British national health fails dismally

The Painful Prescription, an analysis of the British National Health Service (NHS) by Henry Aaron and Bill Schwartz, show how rationing within a health care system can lead to shortages, says John C. Goodman, president of the National Center for Policy Analysis.

Although British politicians for years described the NHS as "the envy of the world" – because the programme has promised health care free of charge to all its citizens – Aaron, Schwartz and co-author Melissa Cox show that the British are routinely denied services Americans take for granted. For example:

  • Bone marrow transplants per capita are one-third more frequent in the United States than in the United Kingdom.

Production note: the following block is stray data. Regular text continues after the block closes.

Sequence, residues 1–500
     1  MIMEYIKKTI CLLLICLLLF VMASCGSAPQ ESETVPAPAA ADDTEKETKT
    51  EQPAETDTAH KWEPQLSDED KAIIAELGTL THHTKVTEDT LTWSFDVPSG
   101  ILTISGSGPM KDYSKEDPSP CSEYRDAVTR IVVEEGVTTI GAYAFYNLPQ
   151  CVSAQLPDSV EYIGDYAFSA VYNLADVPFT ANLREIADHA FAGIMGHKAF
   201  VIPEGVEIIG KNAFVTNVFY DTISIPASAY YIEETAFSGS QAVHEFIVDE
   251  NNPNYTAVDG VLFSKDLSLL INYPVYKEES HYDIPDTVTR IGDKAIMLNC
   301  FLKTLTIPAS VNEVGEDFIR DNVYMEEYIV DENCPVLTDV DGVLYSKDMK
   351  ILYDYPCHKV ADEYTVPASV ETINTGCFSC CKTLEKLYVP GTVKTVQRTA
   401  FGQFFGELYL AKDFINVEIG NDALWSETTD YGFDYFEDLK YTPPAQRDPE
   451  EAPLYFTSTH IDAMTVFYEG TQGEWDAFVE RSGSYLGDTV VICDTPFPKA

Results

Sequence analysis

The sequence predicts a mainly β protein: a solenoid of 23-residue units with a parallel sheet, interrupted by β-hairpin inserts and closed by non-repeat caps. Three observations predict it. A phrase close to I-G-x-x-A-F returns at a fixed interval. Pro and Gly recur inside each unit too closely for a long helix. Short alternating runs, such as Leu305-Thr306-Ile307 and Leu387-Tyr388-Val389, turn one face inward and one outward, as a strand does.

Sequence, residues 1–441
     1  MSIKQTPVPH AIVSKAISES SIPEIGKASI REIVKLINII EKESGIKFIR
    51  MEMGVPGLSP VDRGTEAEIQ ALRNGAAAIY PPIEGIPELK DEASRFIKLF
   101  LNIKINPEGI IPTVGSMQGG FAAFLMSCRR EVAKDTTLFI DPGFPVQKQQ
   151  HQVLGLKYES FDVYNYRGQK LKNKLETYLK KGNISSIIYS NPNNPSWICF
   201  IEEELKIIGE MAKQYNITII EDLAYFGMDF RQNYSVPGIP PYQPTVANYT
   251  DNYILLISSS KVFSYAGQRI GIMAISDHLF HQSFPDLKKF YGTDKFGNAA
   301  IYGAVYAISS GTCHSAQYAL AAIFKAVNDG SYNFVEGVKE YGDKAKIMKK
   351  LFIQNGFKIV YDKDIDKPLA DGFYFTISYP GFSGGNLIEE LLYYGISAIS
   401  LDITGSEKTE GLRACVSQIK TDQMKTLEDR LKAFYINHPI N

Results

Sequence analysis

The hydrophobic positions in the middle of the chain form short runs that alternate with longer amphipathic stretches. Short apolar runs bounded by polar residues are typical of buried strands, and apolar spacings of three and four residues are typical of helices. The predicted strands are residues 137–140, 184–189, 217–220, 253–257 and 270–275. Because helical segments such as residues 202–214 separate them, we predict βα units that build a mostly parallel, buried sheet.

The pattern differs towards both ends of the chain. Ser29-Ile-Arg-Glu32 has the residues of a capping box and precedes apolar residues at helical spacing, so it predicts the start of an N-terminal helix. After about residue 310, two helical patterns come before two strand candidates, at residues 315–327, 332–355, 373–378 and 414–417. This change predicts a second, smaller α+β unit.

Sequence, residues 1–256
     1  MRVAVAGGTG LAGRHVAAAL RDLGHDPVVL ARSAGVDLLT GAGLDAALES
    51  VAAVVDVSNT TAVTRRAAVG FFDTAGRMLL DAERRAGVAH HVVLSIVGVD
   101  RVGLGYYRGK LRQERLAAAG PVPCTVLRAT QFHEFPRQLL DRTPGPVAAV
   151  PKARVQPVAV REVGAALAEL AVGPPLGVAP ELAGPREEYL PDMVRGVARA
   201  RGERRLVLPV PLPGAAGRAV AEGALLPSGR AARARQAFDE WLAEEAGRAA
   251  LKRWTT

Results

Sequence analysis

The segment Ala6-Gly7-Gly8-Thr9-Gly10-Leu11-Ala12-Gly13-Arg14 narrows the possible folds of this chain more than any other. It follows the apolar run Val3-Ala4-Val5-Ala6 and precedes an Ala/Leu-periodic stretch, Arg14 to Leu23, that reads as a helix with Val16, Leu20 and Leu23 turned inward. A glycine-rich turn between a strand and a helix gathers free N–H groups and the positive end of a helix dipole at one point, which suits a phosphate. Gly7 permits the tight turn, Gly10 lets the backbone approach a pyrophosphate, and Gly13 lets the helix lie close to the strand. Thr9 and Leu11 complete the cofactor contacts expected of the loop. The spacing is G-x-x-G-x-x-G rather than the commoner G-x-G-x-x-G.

• The rate at which the British provide coronary bypass surgery or angioplasty to heart patients is only one-fourth of the U.S. rate.

  • Britain has only one-fourth as many CT scanners as the United States and one-third as many MRI scanners.

    In addition:

  • The NHS hip replacement rate is only two-thirds of the U.S. rate.

  • To provide the level of intensive care unit (ICU) services that US hospitals have, British hospitals would have to increase their spending by five fold.

  • The population-adjusted treatment rate for kidney failure (dialysis or transplant) is five times higher in the United States for patients age 45 to 84 and nine times higher for patients 85 years of age or older.

    Overall, to achieve a level of care comparable to U.S. standards, Britain would have to increase its level of spending by one-third, according to the authors.

    Source: Applying the Economic Way of Thinking to Health Policy: Rationing, National Center for Policy Analysis, May 7, 2007.

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    FMF Policy Bulletin/ 15 May 2007
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